On some days, you can win the toddler battle with classic crayons and a piece of paper. I often sit my toddler down, put arts and crafts in the middle of the table, and slowly step back.

Sometimes it works, and sometimes it doesn’t.

Your younger child is a unique individual and may enjoy building blocks versus art. Experiment to find his favorites.

Below is a list of possible activities to inspire you. 


Art is a great distraction while homeschooling with a toddler in the home

Get your tarp ready and throw down some supplies.

Everyone has different comfort levels with arts and crafts, so if it’s just crayons for you, that’s cool too.

Glitter rarely crosses the threshold of my home, so I totally get it. Here are some art supply ideas.

  • Roll of butcher paper or Melissa and Doug paper
  • Play-Doh
  • Paint
  • Kinetic Sand
  • Amazon Boxes
  • My kids call those airbag things from the Amazon boxes “dragon wings.”


Legos are great for homeschooling while a toddler is in the home

 We have a giant toy bin for all the kids at our house. Lowe’s had a nice container with a lid on and the rest is history.  The kids decorated it with stickers. Done. 

I enjoy “Mid-Year Christmas” by dumping the bin so the kids can rediscover long-lost toys. 

You can take a few bottom-of-the-bin toys and see if they spark your toddler’s interest while homeschooling your older children.

  • Blocks
  • Dollhouse
  • Trucks
  • Puzzles 
  • Stuffies
  • Play kitchen items
  • Balls

Busy Boxes 

Use fun blocks when homeschooling with a toddler in the home
Favorite toys only allowed during homeschooling will keep the toys interesting

Busy boxes are boxes of fun knick-knacks for your toddler to enjoy only during homeschool. The key is only to take out the box during homeschool to keep those activities feeling “new.” 

Use whatever your kid is motivated by. Maybe it’s a box with stickers or a wind-up toy. If your other kids want to play, too, it can be a reward for finishing their activity.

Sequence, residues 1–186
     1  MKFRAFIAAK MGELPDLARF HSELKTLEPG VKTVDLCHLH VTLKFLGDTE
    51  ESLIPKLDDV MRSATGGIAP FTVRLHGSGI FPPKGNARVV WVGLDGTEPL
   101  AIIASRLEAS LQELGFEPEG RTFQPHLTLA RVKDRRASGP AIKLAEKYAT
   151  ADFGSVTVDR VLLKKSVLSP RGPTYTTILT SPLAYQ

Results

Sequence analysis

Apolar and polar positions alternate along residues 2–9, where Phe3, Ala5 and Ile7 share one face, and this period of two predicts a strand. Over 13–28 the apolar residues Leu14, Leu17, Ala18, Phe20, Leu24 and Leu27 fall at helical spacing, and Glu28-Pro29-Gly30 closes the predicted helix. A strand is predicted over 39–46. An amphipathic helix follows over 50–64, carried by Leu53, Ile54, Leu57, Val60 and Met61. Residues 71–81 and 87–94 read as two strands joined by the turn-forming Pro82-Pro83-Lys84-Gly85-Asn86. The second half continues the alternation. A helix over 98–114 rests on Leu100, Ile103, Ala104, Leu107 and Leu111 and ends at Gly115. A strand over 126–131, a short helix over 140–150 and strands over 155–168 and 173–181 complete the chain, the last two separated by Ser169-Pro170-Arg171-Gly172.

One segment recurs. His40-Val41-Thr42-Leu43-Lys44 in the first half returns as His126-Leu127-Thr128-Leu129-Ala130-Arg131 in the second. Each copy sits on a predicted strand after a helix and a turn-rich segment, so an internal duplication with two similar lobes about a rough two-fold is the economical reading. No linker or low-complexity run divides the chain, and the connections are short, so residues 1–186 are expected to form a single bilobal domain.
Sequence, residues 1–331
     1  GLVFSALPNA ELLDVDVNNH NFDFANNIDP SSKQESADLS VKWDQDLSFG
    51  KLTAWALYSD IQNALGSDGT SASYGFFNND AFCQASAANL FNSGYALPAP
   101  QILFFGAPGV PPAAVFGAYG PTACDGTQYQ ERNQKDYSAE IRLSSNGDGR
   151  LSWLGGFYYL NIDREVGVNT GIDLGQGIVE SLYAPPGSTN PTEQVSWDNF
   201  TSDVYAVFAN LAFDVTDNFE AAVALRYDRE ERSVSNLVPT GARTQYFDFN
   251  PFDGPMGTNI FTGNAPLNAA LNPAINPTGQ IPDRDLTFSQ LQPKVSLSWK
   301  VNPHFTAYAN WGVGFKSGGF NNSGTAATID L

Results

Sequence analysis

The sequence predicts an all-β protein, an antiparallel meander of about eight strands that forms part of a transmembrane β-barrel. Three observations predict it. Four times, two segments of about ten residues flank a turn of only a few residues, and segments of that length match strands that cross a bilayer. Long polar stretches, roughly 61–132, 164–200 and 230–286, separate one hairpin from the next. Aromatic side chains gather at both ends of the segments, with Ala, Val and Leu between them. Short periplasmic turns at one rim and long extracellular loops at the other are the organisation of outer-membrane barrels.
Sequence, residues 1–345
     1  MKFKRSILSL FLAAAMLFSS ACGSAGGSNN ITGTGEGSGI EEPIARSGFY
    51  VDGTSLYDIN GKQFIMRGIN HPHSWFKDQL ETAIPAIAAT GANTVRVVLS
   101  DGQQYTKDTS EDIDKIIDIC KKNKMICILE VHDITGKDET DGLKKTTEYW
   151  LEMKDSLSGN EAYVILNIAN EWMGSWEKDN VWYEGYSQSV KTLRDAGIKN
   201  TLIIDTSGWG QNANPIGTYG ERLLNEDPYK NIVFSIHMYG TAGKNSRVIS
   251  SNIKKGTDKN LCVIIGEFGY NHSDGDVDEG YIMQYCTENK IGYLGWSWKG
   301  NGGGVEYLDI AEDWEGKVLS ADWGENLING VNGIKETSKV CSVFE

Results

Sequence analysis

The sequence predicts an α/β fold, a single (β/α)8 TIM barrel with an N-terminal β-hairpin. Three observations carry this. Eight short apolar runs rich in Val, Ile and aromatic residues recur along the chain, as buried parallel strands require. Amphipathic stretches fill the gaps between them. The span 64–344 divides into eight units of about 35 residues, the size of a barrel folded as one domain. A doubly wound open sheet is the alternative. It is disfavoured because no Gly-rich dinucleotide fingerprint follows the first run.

A great place to go for busy box supplies is the Dollar Tree or 99 Cent Store. You can change itLet’sften without spending too much. 

8. Frequent Breaks

Homeschool mom take a break with coffee
Photo by Frank Leuderalbert on Unsplash

Let’s face it. We all need frequent breaks in our lives, and kids are no different most of the time. When I was in the classroom as a teacher for students that have special needs, frequent breaks were necessary.

Breaks are fun and give us something to look forward to when working. Look around and see if anyone needs a break. That includes you.

LetDon’t watch a few science clips on YouTube while reheating and finishing your coffee. 

9. Get Help!

Homeschool mom help from friends
Don’t be afraid to get helpit’sm friends and family

Getting help is last on the list of this post, but in order of importance, it’s first. If you have a support system, reach out and ask for help. Or create a support system.

Maybe a relative can come by once a week to visit with your toddler or take the older ones to a museum or park. 

Are there any older homeschool kids you know that can come by and be a mommy’s helper? 

I am not opposed to paying the kids to do extra chores. Figure out all the things you do and delegate those household tasks asap!

Use Instacart. Gamechanger.

Just an hour of extra help can make a world of difference. 


If you’re feeling overwhelmed homeschooling with a toddler in the home, don’t worry – you are not alone. 

Remember to rely on the flexibility of homeschooling, taking care of basic needs, and getting extra help.

There are a few things you can do to make things easier:

  1. Carve out some time for your self-care. You can’t pour from an empty cup. Maybe it’s 15 minutes a day to start, but starting to focus on your spiritual, physical, and mental well-being is a top priority. Also, check in with your family.
  1. Lean on the flexibility of homeschooling and make sure your schedule is realistic for having a toddler.
  1. If there are any feelings of dread with your curriculum, think about how you can change things up.
  2. Try out family-style homeschooling when you can. Gather everyone around for the same activity.
  3. Take a look at unschooling and see how you may be able to sprinkle it into your homeschool day. Let the children lead what they learn.
  4. Select learning apps for your toddler. High-quality apps can keep your toddler busy while you take a break or help another kid.
  5. Hands-on activities for your toddler can keep her engaged and prepare her for writing and math one day.
  6. You are allowed to take a break. You are human.
  7. Make asking for help a part of your day. If you have a community of family and friends, lean on them. If you can pay for help, make it happen.

Each day is a different adventure, but you can make homeschooling work for you and your toddler.

What has been your biggest homeschooling challenge so far? Which tip above resonated with you? Leave a comment below.